Date of Award

2000

Publication Type

Master Thesis

Degree Name

M.Sc.

Department

Biological Sciences

First Advisor

Ciberowski, J. J. H.

Keywords

Biology, Ecology.

Rights

info:eu-repo/semantics/openAccess

Creative Commons License

Creative Commons Attribution-Noncommercial-No Derivative Works 4.0 License
This work is licensed under a Creative Commons Attribution-Noncommercial-No Derivative Works 4.0 License.

Abstract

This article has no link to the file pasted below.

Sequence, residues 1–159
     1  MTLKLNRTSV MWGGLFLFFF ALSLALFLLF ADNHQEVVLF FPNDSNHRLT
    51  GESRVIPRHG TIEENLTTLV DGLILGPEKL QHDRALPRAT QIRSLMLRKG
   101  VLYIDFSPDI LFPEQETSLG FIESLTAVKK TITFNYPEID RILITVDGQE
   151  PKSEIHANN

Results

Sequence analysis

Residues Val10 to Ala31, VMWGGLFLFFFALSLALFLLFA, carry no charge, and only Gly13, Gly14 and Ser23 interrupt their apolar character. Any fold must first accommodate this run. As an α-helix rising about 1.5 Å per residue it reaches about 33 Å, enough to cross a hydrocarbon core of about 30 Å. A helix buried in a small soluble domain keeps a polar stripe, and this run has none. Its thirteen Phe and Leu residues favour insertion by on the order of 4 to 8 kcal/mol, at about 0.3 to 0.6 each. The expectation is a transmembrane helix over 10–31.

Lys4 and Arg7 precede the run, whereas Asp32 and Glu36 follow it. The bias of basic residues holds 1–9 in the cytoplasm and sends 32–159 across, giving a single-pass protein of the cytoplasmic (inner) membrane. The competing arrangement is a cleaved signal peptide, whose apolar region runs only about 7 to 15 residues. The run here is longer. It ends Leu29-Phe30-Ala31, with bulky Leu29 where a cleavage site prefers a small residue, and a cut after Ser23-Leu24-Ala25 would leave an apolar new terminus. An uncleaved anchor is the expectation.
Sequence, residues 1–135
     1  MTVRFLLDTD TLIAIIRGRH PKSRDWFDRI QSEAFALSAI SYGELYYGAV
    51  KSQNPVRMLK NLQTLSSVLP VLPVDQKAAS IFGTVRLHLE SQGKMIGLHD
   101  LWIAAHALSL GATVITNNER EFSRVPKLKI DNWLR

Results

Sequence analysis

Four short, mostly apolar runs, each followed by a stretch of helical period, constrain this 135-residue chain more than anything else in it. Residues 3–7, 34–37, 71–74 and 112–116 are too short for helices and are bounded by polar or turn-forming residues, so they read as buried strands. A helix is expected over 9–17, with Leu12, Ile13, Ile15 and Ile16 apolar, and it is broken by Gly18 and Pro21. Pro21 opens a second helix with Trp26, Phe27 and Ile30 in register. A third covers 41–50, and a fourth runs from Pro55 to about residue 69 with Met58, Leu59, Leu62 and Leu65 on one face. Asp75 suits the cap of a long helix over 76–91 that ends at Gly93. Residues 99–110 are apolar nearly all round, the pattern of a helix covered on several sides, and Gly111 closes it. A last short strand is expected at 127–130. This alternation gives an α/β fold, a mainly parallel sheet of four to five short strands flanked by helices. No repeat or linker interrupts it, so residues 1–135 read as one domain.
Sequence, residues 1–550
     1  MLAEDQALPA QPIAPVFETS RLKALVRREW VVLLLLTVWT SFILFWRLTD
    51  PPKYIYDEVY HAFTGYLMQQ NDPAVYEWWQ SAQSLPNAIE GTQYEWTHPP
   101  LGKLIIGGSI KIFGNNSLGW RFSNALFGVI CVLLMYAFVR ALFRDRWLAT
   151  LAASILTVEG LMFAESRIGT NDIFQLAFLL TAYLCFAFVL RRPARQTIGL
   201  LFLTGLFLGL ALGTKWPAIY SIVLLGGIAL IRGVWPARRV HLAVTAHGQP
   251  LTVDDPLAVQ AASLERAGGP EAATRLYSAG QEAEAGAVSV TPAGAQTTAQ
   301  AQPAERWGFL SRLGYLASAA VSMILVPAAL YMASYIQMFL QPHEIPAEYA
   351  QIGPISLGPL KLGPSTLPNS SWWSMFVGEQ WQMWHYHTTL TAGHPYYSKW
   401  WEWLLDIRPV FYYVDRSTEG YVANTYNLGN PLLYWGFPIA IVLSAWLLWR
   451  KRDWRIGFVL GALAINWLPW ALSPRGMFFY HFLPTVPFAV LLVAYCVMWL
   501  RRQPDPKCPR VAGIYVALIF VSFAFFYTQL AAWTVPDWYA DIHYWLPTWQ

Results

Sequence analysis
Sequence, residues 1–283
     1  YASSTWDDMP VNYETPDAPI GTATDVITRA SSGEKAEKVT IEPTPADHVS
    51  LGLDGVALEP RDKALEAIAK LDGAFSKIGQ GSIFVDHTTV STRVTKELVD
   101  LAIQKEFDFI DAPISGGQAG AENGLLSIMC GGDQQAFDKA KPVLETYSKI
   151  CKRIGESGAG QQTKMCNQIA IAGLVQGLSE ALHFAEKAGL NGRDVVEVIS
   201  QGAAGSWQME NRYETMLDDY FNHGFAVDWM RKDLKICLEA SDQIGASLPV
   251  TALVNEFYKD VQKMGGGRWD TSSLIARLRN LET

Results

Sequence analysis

Chironomidae (Diptera) are commonly used as indicators of environmental degradation. This study examined the effects of mine drainage on chironomid assemblages in northeastern New Brunswick rivers. At mine drainage receiving sites, significantly elevated concentrations of metals in water (Ba, Fe, K, Mn and Zn; p < 0.05) and in periphyton (Cd, Co, Cu, Mn, Pb and Zn; p < 0.002) were detected. Concentrations in periphyton were 10--100 times higher than in water, suggesting that metal uptake from diet may be a more important source of metals for primary consumers than surrounding water. Chironomid composition was significantly different at mine drainage receiving sites than at reference sites. To assess the effects of metal enriched periphyton on aquatic invertebrates downstream of metal mining facilities, periphyton was collected at mine drainage receiving (MIN) and reference (REF) sites in northeastern New Brunswick rivers and fed to Chironomus riparius in a 10-d bioassay. These results suggest that primary consumers feeding on periphyton are at risk of significant mortality and reduced growth, compromising the viability of most metal intolerant populations. Consequently, metal enrichment of periphyton could explain observed differences in chironomid communities of mine drainage receiving rivers. (Abstract shortened by UMI.) Source: Masters Abstracts International, Volume: 40-03, page: 0644. Adviser: Jan J. H. Ciborowski. Thesis (M.Sc.)--University of Windsor (Canada), 2000.

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